Spectators for inadvertent tradition


As recently reported in The Commercial, the Pine Bluff Convention Center is undergoing a few renovations. The project was announced earlier this week by Bob Purvis, director of the facility. Speaking at a meeting of the Convention Center’s finance committee, Purvis indicated that the structure’s sprinkler system had been “redone” and that a new rubber roof was being installed thanks to an insurance claim related to hail damage.

One need not be too old to remember a day when the Convention Center was a bustling hub of high-draw attractions. Hosting everyone from Elvis to Ringling Brothers, the facility drew folks from miles around.

To be sure, it still does, but any honest appraisal would concede that today’s attractions are a shadow of those which once were. Recognition of this is in no way a criticism of the management. It is merely an artifact of the times and of the town we have become.

With the construction of facilities such as the Verizon Arena in North Little Rock, competition for crowds has become much stiffer. Verizon is also a much larger facility. As anyone in the booking business might attest, size and location determine nearly all else.

That said, the task before Purvis and his staff is not unlike the one before the rest of us. We all know what we used to be. We could wistfully look backward at fatter days and wish we were still there. We could look to the present, while stuck in a well of self-pity over the distant peaks of the past. Or, as Purvis and his crew seem to be doing, we could look to the future; and get the place prepared for a new era.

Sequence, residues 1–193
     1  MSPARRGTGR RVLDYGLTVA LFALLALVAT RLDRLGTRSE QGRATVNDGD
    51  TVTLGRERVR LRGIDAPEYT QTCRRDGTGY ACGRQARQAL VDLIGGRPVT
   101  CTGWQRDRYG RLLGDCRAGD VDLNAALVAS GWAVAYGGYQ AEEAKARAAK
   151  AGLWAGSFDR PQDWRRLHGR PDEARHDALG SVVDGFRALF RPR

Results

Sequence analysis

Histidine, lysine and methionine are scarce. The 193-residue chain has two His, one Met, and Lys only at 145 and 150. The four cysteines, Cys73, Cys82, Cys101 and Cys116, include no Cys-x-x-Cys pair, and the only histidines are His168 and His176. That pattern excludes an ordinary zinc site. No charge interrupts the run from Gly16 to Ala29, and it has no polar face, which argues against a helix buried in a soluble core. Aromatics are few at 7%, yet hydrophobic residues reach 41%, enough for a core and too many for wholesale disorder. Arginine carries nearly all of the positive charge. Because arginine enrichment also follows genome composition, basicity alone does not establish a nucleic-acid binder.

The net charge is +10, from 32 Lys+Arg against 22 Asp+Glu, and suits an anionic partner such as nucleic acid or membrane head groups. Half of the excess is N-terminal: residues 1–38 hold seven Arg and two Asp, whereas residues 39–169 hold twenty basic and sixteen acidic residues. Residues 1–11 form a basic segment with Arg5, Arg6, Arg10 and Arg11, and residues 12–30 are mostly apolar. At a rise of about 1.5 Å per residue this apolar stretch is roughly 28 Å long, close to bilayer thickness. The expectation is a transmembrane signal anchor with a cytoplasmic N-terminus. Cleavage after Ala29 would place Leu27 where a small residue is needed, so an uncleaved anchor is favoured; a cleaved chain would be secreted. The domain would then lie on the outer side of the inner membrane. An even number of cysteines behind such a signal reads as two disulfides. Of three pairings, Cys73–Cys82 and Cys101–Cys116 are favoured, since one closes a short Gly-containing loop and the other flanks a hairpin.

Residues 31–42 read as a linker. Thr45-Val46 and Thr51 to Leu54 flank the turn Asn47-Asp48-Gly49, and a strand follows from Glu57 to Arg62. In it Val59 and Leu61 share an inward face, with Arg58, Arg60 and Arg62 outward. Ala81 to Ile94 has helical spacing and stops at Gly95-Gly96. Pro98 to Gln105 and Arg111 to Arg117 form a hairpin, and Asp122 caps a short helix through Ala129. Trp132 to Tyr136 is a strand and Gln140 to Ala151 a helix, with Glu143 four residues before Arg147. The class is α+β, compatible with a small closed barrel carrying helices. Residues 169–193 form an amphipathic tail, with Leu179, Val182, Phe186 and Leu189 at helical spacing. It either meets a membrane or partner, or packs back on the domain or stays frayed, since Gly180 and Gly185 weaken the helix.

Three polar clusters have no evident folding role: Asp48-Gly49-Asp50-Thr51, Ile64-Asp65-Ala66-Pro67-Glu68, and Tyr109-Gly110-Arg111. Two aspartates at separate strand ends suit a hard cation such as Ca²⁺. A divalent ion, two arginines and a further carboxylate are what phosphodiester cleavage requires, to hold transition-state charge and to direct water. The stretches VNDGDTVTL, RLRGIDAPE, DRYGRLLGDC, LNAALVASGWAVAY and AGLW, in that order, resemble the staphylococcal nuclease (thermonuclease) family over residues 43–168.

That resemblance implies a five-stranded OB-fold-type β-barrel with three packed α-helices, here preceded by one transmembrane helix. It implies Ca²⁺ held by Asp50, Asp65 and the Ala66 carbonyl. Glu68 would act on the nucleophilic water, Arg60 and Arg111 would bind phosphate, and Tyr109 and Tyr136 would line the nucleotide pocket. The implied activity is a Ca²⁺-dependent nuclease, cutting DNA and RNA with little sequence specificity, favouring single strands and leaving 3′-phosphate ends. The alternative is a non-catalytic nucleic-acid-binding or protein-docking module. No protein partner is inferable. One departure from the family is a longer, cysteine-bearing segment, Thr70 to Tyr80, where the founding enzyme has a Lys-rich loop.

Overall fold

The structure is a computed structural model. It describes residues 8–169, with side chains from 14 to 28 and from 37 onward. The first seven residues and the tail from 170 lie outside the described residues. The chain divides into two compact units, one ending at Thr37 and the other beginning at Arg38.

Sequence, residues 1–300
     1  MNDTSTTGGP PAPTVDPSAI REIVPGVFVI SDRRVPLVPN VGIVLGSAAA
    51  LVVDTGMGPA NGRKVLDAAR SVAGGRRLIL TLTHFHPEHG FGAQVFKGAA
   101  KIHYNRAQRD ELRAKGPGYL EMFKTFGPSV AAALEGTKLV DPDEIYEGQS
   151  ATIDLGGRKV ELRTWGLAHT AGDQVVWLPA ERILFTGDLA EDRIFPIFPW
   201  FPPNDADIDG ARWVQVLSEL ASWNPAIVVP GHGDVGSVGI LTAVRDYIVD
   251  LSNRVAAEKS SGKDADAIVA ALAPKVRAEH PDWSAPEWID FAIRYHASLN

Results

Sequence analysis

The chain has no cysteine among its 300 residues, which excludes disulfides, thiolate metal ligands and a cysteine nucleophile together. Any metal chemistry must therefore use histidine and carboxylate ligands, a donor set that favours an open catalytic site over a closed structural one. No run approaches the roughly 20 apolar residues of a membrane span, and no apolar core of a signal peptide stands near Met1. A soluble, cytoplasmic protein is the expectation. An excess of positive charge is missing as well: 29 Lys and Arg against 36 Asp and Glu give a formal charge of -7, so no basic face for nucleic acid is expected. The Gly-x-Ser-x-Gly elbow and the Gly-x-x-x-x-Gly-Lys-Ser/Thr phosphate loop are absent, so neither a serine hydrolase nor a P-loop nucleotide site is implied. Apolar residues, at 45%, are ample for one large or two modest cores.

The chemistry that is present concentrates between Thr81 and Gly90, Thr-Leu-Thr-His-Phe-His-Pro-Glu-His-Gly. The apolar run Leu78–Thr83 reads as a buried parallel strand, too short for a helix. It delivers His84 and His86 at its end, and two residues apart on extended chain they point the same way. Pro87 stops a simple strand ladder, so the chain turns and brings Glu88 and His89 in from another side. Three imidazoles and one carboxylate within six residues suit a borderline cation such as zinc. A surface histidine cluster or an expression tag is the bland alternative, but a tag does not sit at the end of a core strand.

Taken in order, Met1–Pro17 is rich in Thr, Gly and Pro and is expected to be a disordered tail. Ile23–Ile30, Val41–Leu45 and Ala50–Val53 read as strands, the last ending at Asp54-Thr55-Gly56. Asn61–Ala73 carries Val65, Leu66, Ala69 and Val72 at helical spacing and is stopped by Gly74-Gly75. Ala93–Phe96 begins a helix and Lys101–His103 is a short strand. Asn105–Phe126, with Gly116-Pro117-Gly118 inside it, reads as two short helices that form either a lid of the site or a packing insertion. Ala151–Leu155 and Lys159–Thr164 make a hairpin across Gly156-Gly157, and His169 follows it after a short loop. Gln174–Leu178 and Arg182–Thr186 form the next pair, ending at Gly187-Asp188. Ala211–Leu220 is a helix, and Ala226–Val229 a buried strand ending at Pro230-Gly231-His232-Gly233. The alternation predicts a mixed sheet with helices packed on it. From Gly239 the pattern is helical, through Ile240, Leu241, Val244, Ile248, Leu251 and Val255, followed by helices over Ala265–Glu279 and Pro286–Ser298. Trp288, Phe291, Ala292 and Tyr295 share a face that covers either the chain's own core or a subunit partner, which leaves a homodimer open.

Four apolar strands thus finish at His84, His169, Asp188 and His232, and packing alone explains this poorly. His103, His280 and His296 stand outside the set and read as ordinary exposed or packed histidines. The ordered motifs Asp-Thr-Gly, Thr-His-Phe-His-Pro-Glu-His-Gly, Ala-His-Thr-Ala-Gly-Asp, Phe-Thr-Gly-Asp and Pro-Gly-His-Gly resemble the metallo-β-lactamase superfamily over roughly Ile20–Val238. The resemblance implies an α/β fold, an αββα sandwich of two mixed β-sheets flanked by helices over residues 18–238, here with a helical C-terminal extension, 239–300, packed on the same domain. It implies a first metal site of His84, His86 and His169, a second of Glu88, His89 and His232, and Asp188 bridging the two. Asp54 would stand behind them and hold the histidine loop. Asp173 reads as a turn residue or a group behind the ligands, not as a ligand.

The economics of entertainment have changed. Both the size of the facility and the world around it dictate the need for a new approach. Moreover, simply looking backward gives us a false perspective. After all, if the good old days were all that great, how come they led us to where we are now?

As with so many of the challenges we face, we need to be informed by our history, not owned by it. Many local institutions are coming to grips with that fact. We’ve seen evidence of this from very disparate corners. Both the new leadership at the University of Arkansas at Pine Bluff and at the Pine Bluff Police Department have given public addresses expressing this sentiment.

Just because “that’s the way we’ve always done it” is no longer a sufficient mission statement. To this point Jaroslav Jan Pelikan, author of The Vindication of Tradition: The 1983 Jefferson Lecture in the Humanities, observes: “Tradition is the living faith of the dead, traditionalism is the dead faith of the living. And, I suppose I should add, it is traditionalism that gives tradition such a bad name.”

In so many ways, this is the overarching task for our entire community. We have allowed ourselves to become inadvertent traditionalists. We venerate many of the dysfunctional “traditions” that brought us the ills we now combat.

To this end, we need a new communal motto. The well-known quote from Socrates, “The unexamined life isn’t worth living…” provides a good start. We need to figure out what works, what doesn’t and like the Convention Center staff, start fixing our own sprinklers. We need to ask ourselves what Pine Bluff should become, irrespective of what we have been or are now. Once we do that, there’ll be plenty to draw new crowds.